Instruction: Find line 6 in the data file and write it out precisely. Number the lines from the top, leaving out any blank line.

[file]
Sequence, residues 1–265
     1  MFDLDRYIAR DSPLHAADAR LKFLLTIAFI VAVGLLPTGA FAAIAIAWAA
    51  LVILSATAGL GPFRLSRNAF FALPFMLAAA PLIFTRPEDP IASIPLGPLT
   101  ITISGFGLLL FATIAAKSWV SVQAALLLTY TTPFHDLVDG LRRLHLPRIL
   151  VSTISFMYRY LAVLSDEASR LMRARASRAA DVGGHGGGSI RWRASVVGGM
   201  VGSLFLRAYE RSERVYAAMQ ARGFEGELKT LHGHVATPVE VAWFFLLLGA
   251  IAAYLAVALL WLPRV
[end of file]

   201  VGSLFLRAYE RSERVYAAMQ ARGFEGELKT LHGHVATPVE VAWFFLLLGA